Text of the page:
Tag Info

New answers tagged

0

Yes indeed. There is a western paper which uses order data, albeit trader identification was removed. It is obviously this one: http://www.cims.nyu.edu/~almgren/papers/costestim.pdf Unfortunately, this data wasn't public. The co-authors were senior analysts at Citi: Robert Almgren is associate professor in the departments of mathematics and computer ...


0

I dug around and there's indeed an old publication on Risk.net written by a university professor that uses Citi's data: The data set on which we base our analysis contains, before filtering, almost 700,000 US stock trade orders executed by Citigroup equity trading desks for the 19-month period from December 2001 to June 2003.


0

I've read a paper from an asian institute on trader's profitability. Unfortunately I can't find it anymore. They had such order data. Maybe it is easier to get such information in less regulated markets. However, I couldn't find anything useful there yet.


1

When an exchange (or ECN) receives an order, there is no identifier of the buyer or seller. Therefore the only place that this is available is at the broker themselves. No broker would be willing to provide this information even on an anonymized basis and it would be a violation of other laws and regulations (such as Regulation S-P). ...


0

Maybe there is a better choice, but here is what I think : take time series apply LOG function to each of them subtract MEAN or STDEV to standardize them (mean is less time consuming) Now you should have time series that are measured in the same units, thus, you can say for sure which one is higher and which is lower. The lower one you BUY, the higher - ...


2

It's no bad but you have to backtest the method out-of-sample. Say you have discovered an indicator that works 100% in history, you still cannot be sure if it works next time. Another advise is you might want to investigate the distribution of loss when your system fails to work. If your system delivers 1% every time you trade, and loses 10% each time it ...


3

In the long term you will underperform buy & hold because you need an accuracy of at least 65%. See these papers for more: Bauer, R.; Dahlquist, J.: „Market Timing and Roulette Wheels Revisited“, CFA Institute, 2012. http://www.cfapubs.org/doi/pdf/10.2469/irpn.v2012.n1.10 Sharpe, W.: “Likely Gains from Market Timing”, Financial Analysts Journal, ...


2

It's not unusual to find a financial time series with positive trend samples biased between 55-60%, depending on the period sampled. Stocks tend to have an upward drift over the long run. When you account for the drift, I would say, that number is really not much better than chance. A better way to verify your question would be to make certain to build ...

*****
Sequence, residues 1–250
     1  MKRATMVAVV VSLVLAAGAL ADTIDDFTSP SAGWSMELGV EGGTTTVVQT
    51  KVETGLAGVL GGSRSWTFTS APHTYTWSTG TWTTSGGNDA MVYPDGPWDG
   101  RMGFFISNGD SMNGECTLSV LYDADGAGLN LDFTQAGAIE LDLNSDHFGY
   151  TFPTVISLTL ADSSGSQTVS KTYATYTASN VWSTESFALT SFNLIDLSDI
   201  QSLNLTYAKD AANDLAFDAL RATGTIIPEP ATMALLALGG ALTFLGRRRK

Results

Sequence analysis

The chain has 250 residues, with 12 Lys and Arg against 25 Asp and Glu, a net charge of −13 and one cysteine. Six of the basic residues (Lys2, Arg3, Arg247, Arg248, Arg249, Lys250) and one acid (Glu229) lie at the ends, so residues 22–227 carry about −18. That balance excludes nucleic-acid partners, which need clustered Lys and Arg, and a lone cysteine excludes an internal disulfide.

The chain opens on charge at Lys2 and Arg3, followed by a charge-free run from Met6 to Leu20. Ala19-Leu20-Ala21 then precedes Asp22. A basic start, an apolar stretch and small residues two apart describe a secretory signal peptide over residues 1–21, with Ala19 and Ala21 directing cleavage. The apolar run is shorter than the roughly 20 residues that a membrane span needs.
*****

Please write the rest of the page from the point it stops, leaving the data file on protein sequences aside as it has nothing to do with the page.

1

Directional forecast is insufficient. You could have a signal that has 100% accuracy and you would not necessarily be able to profit from it because of transaction cost, implementation etc.


2

Of course you can sell options and you can certainly sell options on most major indices. Thinkorswim (TDAmeritrade) offers and excellent platform. Moreover, one can short options without "full" account privileges provided a defined risk trade is entered (such as an iron condor or call spread)


4

Given one satisfies margin requirements anyone can short exchange traded options as long as local regulators permit (American retail investors at present are not permitted, for example, to trade futures options . As long as there is a market and one finds a willing counterpart nothing speaks against shorting options contracts. Some brokers might require a ...


0

Maybe interactive brokers do it, see here


2

It depends on the derivatives exchange but e.g. Eurex exchange can also be used by retail investors as long as they are qualified (concerning their max. risk level) and their bank offers access to it (some at least do that).


0

QuantConnect provides an open source, community driven project called Lean. The project has thousands of engineers using it to create event driven strategies, on any resolution data, any market or asset class. Our system models margin leverage and margin calls, cash limitations, transaction costs. We maintain a full cashbook of your currencies. Its about as ...


1

If you are after treasuries, you can check http://www.newyorkfed.org/research/staff_reports/sr381.pdf which discusses trade impact on BrokerTec. If you are after equities, the literature is enormous, you can pretty much google for "trade impact limit order book" or smth similar. In practice, it's an empirical approach: you put all the factors, that seem ...


1

Theoretically "information" about stock prices is still arriving (including information about developments outside the United States) and the futures market is doing its best in estimating what the price of the index would be if it was trading. In practice, during the night, traders are following the foreign markets (Europe, Asia) and adjusting the price of ...


-3

Because in the time interval expectations change (due to news etc.).



Top 50 recent answers are included